>The Wooden Boat Show, Mystic and off to Cuttyhunk Island


Last weekend my son Christopher visited me in Mystic for a weekend aboard Pandora.  Our plan was to head over to Shelter Island for a rendezvous with other SAGA 43 owners.  While just over 50 of these boats were made, we were able to assemble 5 of them for an evening of fun over drinks in Pandora’s cockpit.   As is so often the case when you want to sail, there just wasn’t enough wind so we motored much of the 25 miles there and back.

However, prior to leaving for Shelter, we took in the Wooden Boat Show at Mystic Seaport, a show that you just don’t want to miss if you love boats, wood or otherwise.   The display of big and little boats, all wonderful and VARNISHED like you’d hate if you had to do it yourself.

How would like to be responsible for all this varnish?  You’d need a crew with brushes just to keep up.  Yikes!!!  But wait, they do have a crew.  Of course, if you have someone delivering your G&Ts you probably don’t have to put on a painter’s hat anyway.  In this case, I am thinking “another Pims Jeeves, and be snappy about it”.

As I write this I could certainly see this as an appealing option and it as a cold one would fit right in about now as we sail along about 5 miles north of Block Island headed to Martha’s Vineyard.  The wind is on the Port quarter and we are moving along at a stately 5.5kts.   The sun is shining, there’s  fair wind.  How idyllic…

Well, back to last weekend’s boat show.  Here’s a perfect hatch aboard Spartan a recently rebuilt NY 50.  It’s just back in the water after a 4 year rebuild.  Everything about this boat is perfect.   Acres of teak decks and a crew of 6.  When we were standing there there was a swarm of able bodies using chamois (plural?) to dry off every speck of water lest it leave a water mark.  Heaven’s no…not a water spot!  Spartan is the only one of her kind left of a fleet of 9 launched in 1915 for members of the New York Yacht Club.  This link is to a site from a boatyard that had acquired Spartan as old hulk that was soliciting someone to rebuild her.  The photos of her under sail are something to behold.  This is indeed a yacht.  Interestingly, she is really a day sailor and not equipped for ocean sailing.  That makes her one massive day sailor at 72′ overall.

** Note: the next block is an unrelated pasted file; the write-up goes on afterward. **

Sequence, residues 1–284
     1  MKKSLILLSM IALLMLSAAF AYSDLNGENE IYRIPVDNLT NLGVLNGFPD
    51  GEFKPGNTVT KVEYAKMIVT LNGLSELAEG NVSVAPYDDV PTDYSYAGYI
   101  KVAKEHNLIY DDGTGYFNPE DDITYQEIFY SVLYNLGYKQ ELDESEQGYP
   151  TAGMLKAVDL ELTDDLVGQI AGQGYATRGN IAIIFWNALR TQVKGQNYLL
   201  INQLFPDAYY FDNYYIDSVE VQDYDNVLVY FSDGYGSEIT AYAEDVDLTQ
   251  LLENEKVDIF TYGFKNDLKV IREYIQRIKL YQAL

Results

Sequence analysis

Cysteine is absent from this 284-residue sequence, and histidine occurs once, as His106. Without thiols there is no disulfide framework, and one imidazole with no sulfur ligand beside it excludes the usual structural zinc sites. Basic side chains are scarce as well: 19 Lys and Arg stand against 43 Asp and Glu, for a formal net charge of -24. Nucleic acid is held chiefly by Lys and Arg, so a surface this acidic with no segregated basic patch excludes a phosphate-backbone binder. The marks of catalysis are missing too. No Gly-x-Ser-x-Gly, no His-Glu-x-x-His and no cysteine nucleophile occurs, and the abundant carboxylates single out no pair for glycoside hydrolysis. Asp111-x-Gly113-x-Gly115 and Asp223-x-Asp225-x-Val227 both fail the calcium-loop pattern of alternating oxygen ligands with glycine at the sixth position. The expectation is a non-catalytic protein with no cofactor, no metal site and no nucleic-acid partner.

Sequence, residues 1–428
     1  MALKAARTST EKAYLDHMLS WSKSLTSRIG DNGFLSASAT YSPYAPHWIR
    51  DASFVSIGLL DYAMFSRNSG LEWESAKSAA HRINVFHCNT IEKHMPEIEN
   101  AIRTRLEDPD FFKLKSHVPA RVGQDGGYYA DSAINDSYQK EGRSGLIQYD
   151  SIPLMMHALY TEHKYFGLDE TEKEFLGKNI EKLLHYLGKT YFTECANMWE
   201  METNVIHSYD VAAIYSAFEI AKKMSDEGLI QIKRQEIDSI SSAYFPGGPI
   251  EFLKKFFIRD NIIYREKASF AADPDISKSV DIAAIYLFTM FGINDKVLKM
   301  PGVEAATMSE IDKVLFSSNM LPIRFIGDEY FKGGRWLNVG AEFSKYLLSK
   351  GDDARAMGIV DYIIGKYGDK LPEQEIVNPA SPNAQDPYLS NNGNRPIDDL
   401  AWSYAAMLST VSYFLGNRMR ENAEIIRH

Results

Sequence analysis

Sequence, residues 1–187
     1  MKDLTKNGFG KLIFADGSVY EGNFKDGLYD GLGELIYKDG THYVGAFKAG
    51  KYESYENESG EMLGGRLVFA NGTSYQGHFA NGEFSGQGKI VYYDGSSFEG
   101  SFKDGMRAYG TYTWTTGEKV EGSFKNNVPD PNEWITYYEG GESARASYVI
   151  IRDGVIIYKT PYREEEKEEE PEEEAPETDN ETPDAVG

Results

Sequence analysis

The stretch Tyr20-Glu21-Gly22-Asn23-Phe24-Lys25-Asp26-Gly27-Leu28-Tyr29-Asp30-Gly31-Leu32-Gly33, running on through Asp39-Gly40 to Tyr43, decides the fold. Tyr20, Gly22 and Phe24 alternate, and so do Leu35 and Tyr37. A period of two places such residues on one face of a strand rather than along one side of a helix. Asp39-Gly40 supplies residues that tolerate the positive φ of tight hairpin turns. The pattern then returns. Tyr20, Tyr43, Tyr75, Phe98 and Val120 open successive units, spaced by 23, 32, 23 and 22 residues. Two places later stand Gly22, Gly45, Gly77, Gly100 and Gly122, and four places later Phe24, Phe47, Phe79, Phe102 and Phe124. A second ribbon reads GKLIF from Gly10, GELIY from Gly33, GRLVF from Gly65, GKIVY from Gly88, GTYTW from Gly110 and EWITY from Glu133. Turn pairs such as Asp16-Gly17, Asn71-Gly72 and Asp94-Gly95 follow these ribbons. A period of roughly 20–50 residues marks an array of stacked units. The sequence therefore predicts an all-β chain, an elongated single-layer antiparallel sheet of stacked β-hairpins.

I defy you to find a finer, sweeter bow on any boat than this shot of Spartan. 

It’s not all about big and expensive. Here are a dock load of wonderful small boats.  There were literally hundreds of boats at the show built and maintained by amateurs.   However, you have to love varnish and working on boats to own one of these babies.

A wonderful runabout, YNOT.  And, a great name too.
Now,  this is a real yacht.  Amazon has been visiting the seaport (check out the seaport link for her) for some time now as a guest. I spoke to the owner, from Guernsey in the UK, who told me that he had been struck by lightning.  So their visit will be extended.  The 120′ Amazon was launched in the late 1800s and was designed by Dickson Kemp.  I understand that Kemp was of the stature in the UK that Herreshoff was here in the US.   Amazon was originally a steam yacht but was converted to diesel in the 30s.  The owner told me that when steaming at 6.5 kts she only burns 1.9 gal per hour. Not bad for a boat that is 120ft overall.  She holds 800 gallons of fuel and has taken him and his family throughout the Med and now here to the States.  He won’t be going anywhere soon until he gets his electronics fixed. All were fried by the power surge of the lightening strike. 

Amazon isn’t much wider than Pandora and is nearly three times her length.  No wonder she slips easily through the water.  What a wonderful boat, one of a small number that has survived from the Victorian era.


Now it’s 13:30 and the wind has freshened a bit to 14kts with 10.5 apparent and we are moving nicely at 6.5kts.  We have decided to go to Cuttyhunk which is located at the western end of the Elizabeth Islands just west of Martha’s Vineyard.  Check out the article in Power and Motor Yacht about the island.  It’s wonderful to be making time like this under sail and we should be in early enough for “opening time”.  Unfortunately, it seems that Jeeves has gone AWOL so we will have to fend for ourselves.  It’s so hard to find good help these days.  Perhaps there will be a proper yacht anchored nearby that will lend their “man” to assist.  Hmm, perhaps not.  One can always wish, can’t one?

This week when Brenda and I returned to Mystic and Pandora to head up to Martha’s Vineyard for a week aboard.  One thing that we particularly enjoy when we visit Mystic is an evening cruise aboard the Sabino, a 1908 steamboat at Mystic Seaport that runs cruises down the Mystic River to Noank and back each evenings.  Our routine, since the early 80s, is to bring a bottle of wine and jhors-d’oeuvres so we can properly enjoy teh 90 minute cruise.  Oddly, having done this for many years, alost know one else ever seems to have the same idea, so we ate alone.  Bummer for them.  It’s an idyllic way to spend time as and we sat in the bow alone and undisturbed.  Here’s Brenda holding our spot.

Of course, what blog post would be complete without a shot of Pandora in the evening light taken from aboard Sabino. 

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